Snaring River Campground
I also stayed in the Snaring River Campground, which is first-come-first-serve, and preferred it to Wapiti. It’s a little more off-the-beaten-path, but still close enough to Jasper township that you can enjoy what the town has to offer. There are no showers, and be ready to use your bug spray.
Campgrounds Along the Icefields Parkway in Jasper
There are a lot of first-come, first-served campgrounds spaced out along the Icefields Parkways once you cross into Jasper National Park. I’d estimate that it’s a 30-minute drive between each one, and like Banff, they fill up in the morning. If you know you want to stay along the Icefields Parkway, find your campsite first and then head out for your day’s adventure.
Jasper Overflow Camping
If you can’t get a spot in the main Jasper campgrounds or any campgrounds along the Icefields Parkway, you have a couple of options.
- Snaring River Overflow Camping: This is a great option right next to the official Snaring River Campground. It’s a big field with open camping. It costs just over $10 and is only available if all of the other campgrounds are full.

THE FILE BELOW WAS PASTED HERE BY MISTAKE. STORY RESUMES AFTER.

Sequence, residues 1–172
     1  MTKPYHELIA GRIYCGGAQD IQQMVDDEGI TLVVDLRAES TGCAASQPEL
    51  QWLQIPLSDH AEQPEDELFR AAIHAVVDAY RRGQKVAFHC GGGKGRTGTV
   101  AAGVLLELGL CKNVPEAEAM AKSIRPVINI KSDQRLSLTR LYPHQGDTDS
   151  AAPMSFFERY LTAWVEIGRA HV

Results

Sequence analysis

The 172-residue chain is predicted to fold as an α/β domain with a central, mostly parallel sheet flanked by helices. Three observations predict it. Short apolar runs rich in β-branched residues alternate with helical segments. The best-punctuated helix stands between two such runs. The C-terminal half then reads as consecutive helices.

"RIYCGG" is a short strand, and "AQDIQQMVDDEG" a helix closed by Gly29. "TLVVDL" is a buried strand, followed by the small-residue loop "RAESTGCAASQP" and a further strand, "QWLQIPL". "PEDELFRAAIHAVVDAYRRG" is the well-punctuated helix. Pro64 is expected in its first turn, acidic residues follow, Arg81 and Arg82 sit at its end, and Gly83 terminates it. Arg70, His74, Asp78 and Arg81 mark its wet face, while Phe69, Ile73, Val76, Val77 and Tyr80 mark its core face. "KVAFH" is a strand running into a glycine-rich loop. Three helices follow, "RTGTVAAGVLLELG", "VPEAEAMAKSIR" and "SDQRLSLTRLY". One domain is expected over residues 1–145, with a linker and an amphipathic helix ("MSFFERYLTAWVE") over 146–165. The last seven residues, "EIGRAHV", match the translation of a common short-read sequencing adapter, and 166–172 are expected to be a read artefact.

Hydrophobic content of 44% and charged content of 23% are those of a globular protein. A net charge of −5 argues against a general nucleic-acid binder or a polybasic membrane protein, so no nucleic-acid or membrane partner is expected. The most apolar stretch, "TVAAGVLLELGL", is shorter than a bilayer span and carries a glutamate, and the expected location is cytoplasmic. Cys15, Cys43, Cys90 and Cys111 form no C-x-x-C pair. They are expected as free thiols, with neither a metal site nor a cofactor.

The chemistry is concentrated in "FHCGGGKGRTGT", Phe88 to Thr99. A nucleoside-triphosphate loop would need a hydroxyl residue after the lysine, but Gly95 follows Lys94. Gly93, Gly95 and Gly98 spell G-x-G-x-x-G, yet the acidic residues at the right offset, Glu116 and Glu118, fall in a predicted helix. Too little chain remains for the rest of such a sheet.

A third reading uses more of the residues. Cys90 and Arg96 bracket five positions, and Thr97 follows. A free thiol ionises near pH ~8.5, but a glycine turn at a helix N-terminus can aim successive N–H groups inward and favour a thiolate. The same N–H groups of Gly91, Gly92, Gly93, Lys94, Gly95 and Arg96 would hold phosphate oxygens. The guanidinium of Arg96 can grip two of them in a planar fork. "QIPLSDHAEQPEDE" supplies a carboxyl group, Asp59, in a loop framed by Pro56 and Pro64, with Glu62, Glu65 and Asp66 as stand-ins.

- Columbia Icefields Center Parking Lot: They allow RVs and Campervans to park overnight in the big parking lot at the Columbia Icefields Center. There is a toilet, but nothing else. I stayed here for one night and for a parking lot, the views couldn’t be beat.
Yoho National Park Camping
If the campground lists above for Banff and Jasper National Parks overwhelmed you, don’t fret. Yoho National Park only has 4 campgrounds with slightly over 150 sites. Yoho National Park had some of the best hiking trails (in my opinion), so one of Yoho’s campgrounds is a very convenient place to base yourself for a couple of days during your road trip. Yoho is located just west of Lake Louise.
Campgrounds are generally open from mid-May to mid-October but vary from campground to campground. All Yoho National Park campgrounds are available first-come, first-served, except for Kicking Horse Campground. Campgrounds are busiest on holiday weekends and all weekends in July and August.